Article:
Robert Greene: The movie hasn’t changed, but… we shot a year ago, coming up in a few weeks, and the whole thing happened so fast. I started editing sometime mid-August; two months later, it was off to people for them to look at it. Maybe a month later, it was basically done. That’s an incredibly fast process for a movie this weird and complex. We made decisions that were just “let’s go for it” — for example, the ending — and I just went completely instinctually in terms of editing decisions and shooting decisions and everything. We were just going and figuring it out as we went, and, now, living with those decisions is kind of exciting. So how I think about the movie has changed.

I think it’s a movie made for people to have reactions to. It doesn’t work if there aren’t reactions. It’s not a story you just get sucked into, you get the payoff at the end of the story, and that’s it. What would be the reaction other than you laughed or cried? This is a movie we made to have you thinking and there should be multiple layers of thinking and feeling. I read every review and I’m like, “I want to know what everyone thinks.” The fact that we made something to be discussed, and we get to… I get to see the discussion. Kate avoids all that stuff.

Sheil: Yeah, I don’t engage with it.

Greene: So it’s different. Maybe it will be taken one way in your brain. For me, it’s like a conversation, and it’s not just reviews. I’ve done a lot of discussion, and that’s how it changed, I guess, for me.

Ms. Sheil, you’re pretty prolific, and I wonder how the work you’ve done since might have at all affected you as an actor — if there are specific things that got you thinking differently in later performances.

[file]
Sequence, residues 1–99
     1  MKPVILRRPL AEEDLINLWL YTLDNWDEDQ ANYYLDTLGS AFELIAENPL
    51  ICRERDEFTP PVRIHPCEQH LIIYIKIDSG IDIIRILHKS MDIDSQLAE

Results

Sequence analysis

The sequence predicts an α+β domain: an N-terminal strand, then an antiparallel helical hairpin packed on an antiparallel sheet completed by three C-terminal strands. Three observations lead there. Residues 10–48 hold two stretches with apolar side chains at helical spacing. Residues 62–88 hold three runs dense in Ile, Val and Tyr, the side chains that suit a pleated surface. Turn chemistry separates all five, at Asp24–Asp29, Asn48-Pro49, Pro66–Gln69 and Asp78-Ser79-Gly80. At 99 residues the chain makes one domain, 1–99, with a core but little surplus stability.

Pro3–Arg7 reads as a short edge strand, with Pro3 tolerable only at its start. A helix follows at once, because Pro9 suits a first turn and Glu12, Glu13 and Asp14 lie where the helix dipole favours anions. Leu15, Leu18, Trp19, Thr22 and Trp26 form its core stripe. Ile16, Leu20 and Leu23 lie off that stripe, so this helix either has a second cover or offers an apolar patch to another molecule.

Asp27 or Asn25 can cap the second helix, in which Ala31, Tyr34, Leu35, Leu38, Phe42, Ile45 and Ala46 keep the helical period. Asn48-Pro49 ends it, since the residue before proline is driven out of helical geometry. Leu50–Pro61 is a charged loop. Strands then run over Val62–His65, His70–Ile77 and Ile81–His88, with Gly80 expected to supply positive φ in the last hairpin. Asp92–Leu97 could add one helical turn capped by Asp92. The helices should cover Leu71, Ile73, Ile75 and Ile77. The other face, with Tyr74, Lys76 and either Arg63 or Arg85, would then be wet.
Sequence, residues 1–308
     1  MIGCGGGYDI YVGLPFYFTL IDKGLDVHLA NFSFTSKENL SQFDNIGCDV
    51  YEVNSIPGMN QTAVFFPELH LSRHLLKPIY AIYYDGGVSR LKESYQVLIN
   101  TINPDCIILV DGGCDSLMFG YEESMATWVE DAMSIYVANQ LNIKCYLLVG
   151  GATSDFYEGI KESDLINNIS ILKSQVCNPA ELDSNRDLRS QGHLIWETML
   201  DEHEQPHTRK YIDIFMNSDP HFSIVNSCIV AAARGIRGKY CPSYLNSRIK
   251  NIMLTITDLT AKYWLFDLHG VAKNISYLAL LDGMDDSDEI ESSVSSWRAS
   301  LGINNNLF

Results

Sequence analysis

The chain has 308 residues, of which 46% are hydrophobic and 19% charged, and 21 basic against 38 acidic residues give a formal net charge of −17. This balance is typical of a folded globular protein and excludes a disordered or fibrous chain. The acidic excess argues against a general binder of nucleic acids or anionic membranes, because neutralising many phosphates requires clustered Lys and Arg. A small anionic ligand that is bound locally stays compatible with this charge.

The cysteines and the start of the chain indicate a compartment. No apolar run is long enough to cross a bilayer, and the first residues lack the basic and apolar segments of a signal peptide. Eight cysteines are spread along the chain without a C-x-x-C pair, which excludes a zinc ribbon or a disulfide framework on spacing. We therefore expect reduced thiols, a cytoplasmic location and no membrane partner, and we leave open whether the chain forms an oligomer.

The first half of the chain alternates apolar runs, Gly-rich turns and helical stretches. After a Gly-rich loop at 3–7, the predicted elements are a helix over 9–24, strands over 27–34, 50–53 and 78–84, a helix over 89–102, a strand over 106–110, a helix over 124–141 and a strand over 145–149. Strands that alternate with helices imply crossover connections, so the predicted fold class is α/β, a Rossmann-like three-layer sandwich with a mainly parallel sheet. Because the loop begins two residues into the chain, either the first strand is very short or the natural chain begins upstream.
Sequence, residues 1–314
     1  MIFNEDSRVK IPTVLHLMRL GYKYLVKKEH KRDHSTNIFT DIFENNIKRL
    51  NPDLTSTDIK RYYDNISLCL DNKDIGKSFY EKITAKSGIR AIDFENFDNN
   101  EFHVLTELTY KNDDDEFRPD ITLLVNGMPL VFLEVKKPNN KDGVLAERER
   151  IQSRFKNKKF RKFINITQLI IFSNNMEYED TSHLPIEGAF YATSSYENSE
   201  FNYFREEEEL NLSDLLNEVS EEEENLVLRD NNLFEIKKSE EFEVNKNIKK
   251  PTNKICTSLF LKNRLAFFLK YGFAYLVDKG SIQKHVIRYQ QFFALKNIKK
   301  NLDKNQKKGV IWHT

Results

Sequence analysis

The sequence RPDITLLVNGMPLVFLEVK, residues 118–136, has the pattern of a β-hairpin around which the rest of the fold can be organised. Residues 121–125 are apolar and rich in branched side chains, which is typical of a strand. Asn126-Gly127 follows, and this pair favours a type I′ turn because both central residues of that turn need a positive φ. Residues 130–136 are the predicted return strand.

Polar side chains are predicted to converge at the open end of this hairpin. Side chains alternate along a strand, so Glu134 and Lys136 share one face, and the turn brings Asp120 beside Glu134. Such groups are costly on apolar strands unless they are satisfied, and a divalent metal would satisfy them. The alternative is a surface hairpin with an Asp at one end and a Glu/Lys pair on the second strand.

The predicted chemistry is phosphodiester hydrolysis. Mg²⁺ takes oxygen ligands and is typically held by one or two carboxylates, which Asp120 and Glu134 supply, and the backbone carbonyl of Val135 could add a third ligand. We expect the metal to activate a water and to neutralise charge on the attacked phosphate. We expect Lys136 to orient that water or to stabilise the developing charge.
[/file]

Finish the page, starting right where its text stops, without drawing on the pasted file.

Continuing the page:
Sheil: I don’t know if it changed me as an actress. Truthfully, I feel like every project changes me as an actress, because I think I’m still learning and growing, hopefully. The other thing is that most of the work I’ve done since shooting this film has been in a very different sphere, creatively; I’ve done some TV stuff, and it’s a different medium and requires different muscles, I guess. But, yeah, it absolutely informed me as a person. I feel like each experience kind of changes you, right? But, no, I mean, to be honest, I don’t think it changed me as an actress.

Greene: I love the question, though, because I remember, at one point, we were thinking about how the movie could end. At one point, the last shot was going to be on the set of a TV show, and we were saying, “It would be great if people thought you quit acting after this movie.” [Laughs] But then you see, “Oh, no, she’s still acting — oh, no.” Almost as if acting itself is a dangerous thing to do. And I think it’s a testament to the performance that Kate gives.

I think people legitimately have the feeling of you being in danger, and what’s interesting about that is that we were just traveling over here, and we have the wig with us for a thing we’re going to do today. We were talking about the power of that wig. [Laughs] Like it’s a ghostly object that, I think, affects us both still. We don’t want to touch it and put it on and play with it; it’s not funny. So that’s real, yet the way Kate brings that to the screen is a performance. I just love that people all around the world have asked me if you’re okay.

Sheil: Yeah, that’s a question we get in Q & As a lot, but, you know… it’s a movie. [Laughs]